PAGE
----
Extreme tooth sensitivity caused by teeth bleaching

Post teeth bleaching tooth sensitivity gradually escalates. For some its mild and for others it”s as inconvenient as a migraine headache. So why are some prone to extreme tooth sensitivity while others aren’t phased?

Tooth enamel rest on the surface of dentin. Enamel is a clear and hard coating present to protect the dentin from extreme temperatures, impact, and substances. Tooth enamel cannot be replaced which is why some people have an everlasting indentation on their teeth which seems to be off colored in comparison to the rest of the tooth’s surface. When enamel is lost it means there is that much less in between your tooth’s dentin and the outside environment which means the persons level of sensitivity will be elevated. The thicker and stronger the tooth enamel, the more resistant the tooth will be to temperature and substances. More can be read here on the causes of tooth sensitivities.

How to relieve extreme tooth sensitivity post teeth whitening

Tactic 1: You should brush your teeth before whitening, not after. The abrasive touch of the brush will further disrupt the tooth, thus making the teeth more sensitive. When you remove your bleaching trays simply rinse your mouth a few times.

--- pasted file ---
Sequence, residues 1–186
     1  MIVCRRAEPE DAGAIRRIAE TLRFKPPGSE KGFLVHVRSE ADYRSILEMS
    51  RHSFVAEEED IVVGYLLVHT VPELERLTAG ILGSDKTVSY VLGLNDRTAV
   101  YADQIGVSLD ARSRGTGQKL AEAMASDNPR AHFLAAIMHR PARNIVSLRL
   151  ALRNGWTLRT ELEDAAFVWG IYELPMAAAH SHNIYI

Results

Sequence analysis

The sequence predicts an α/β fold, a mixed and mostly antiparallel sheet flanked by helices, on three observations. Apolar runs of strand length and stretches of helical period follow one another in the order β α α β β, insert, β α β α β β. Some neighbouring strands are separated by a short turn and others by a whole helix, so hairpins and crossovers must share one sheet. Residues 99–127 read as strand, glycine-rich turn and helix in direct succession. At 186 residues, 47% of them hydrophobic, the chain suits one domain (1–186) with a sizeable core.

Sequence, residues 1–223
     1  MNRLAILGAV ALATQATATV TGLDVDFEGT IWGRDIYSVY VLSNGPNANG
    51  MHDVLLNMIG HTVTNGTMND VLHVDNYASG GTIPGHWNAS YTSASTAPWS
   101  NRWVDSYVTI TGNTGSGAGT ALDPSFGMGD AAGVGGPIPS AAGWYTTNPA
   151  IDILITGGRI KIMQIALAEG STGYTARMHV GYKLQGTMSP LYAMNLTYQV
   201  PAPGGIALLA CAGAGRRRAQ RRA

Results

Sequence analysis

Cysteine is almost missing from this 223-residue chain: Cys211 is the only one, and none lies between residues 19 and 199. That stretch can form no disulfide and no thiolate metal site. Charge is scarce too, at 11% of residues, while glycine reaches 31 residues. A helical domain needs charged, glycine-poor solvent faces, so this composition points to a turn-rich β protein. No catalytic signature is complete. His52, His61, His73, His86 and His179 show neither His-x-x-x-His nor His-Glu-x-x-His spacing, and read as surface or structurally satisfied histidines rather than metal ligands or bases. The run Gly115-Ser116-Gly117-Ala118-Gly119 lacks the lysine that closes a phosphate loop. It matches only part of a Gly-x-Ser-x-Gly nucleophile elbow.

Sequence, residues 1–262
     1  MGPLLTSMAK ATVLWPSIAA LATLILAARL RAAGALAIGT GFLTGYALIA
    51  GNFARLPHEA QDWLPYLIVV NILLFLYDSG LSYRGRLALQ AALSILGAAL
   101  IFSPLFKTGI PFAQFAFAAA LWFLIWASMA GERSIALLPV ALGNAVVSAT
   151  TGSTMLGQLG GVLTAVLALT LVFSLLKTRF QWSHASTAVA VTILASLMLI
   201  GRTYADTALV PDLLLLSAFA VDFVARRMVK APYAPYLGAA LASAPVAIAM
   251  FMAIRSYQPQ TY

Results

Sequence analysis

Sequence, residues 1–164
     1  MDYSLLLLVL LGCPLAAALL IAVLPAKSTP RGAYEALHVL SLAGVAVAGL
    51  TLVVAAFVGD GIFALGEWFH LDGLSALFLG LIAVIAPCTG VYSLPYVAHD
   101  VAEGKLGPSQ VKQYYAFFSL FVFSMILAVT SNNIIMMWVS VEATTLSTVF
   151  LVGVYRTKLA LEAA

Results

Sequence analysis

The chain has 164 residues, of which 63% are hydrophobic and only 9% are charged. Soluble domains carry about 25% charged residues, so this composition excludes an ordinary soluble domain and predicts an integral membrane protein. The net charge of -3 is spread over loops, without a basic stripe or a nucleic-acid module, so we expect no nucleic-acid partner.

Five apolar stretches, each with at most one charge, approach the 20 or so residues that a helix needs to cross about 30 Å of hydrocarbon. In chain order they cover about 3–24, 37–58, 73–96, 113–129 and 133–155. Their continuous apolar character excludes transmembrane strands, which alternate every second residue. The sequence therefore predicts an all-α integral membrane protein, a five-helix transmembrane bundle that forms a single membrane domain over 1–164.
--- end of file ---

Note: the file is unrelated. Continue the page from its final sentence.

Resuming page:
Tactic 2: If you know your teeth are sensitive prior to your first bleaching treatment it is wise to use a desensitizing gel containing both 5% potassium nitrate and fluoride before for 10-30 minutes before inserting your bleaching trays.

Tactic 3: While bleaching gel manufacturers try to make a solution that is pH balanced, they can still end up with a bleaching agent that is slightly acidic. A less traditional effort at reducing tooth sensitivity is balancing your pH using a solution best explained in a video tutorial made by Dr. Scott Frey over at FreySmiles. Dr Frey also discusses desensitizing tooth paste in a different video.

Tactic 4: If your teeth are extremely sensitive yet you insist on doing something about your yellow smile then your best bet is to select a lower concentration of carbamide peroxide whitening gel in the 10-16% range. It is not recommended you exceed 22% concentration unless under the supervision of your dentist.

Tactic 5: You may be consuming highly acidic foods, if so perhaps a modification is in order?

Tactic 6: Reduce your bleaching time. While some people sleep with their whitening trays it is not recommended you exceed 3 hours.

Tactic 7: Tooth sensitivity can last all day; however a temporary solution is an anti-inflammatory such as Ibuprofen.

Erin Stelbrink

Erin Stelbrink is a Registered Dental Hygienist with 5+ years of experience as a licensed hygienist and oral health care professional. She holds a passion for researching and acquiring awareness of the latest technologies and methods for providing valuable health care service and clinical treatment. Have more questions? Email Erin at